As we round off our journey through the world of polynomials, it’s clear to see why these mathematical expressions are a cornerstone in numerous fields. Their flexibility and applicability make them a fundamental concept in mathematics, from algebraic equations to intricate calculus problems.

    At Brighterly, we firmly believe in the power of understanding these foundational elements. A strong grasp of polynomials not only aids in solving complex mathematical problems but also enables the development of logical thinking and problem-solving skills that extend beyond the realms of mathematics.

    So, as we bid farewell to polynomials for now, remember that this is only the tip of the mathematical iceberg. There are countless other exciting concepts waiting to be discovered. But with polynomials in your mathematical toolbox, you’re well on your way to mastering even the most formidable mathematical challenges that lie ahead. Here at Brighterly, we’re excited to guide you every step of the way!

    Frequently Asked Questions on Polynomials

    What is the degree of a polynomial?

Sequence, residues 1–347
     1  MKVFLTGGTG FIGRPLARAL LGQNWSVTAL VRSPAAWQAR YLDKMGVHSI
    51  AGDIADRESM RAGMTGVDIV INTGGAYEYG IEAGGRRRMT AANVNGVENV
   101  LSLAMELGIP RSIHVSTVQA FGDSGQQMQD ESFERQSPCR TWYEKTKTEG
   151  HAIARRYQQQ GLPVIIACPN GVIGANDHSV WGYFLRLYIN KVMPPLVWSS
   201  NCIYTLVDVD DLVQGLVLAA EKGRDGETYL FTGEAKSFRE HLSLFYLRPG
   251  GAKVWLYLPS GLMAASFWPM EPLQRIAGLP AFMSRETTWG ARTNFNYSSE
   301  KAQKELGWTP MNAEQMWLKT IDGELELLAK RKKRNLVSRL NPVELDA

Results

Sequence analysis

The degree of a polynomial is essentially the highest power of the variable within the polynomial. For example, in the polynomial 3x^2 - 4x + 7, the degree is 2, because the highest power of the variable x is 2. The degree of a polynomial provides valuable information about the polynomial, including the number of solutions or roots it has and its general shape when graphed.

    What are the roots or zeros of a polynomial?

    Roots, also known as zeros, of a polynomial are the values of the variable that make the polynomial equal to zero. For example, in the polynomial equation x^2 - 4 = 0, the roots are 2 and -2, because substituting these values in place of x makes the entire equation equal to zero. The roots of a polynomial can be found using various methods such as factoring, the quadratic formula, or synthetic division, depending on the complexity of the polynomial.

    How do you factor a polynomial?

    Factoring a polynomial involves expressing the polynomial as a product of simpler polynomials. For instance, the polynomial x^2 - 5x + 6 can be factored as (x - 2)(x - 3). Factoring is an essential process in simplifying polynomials and solving polynomial equations. Various methods, such as factoring by grouping, factoring trinomials, and factoring by using special formulas, can be used to factor polynomials, depending on the structure of the polynomial.

    Information Sources
    1. Wolfram MathWorld
    2. The National Center for Biotechnology Information
    3. The U.S. Department of Education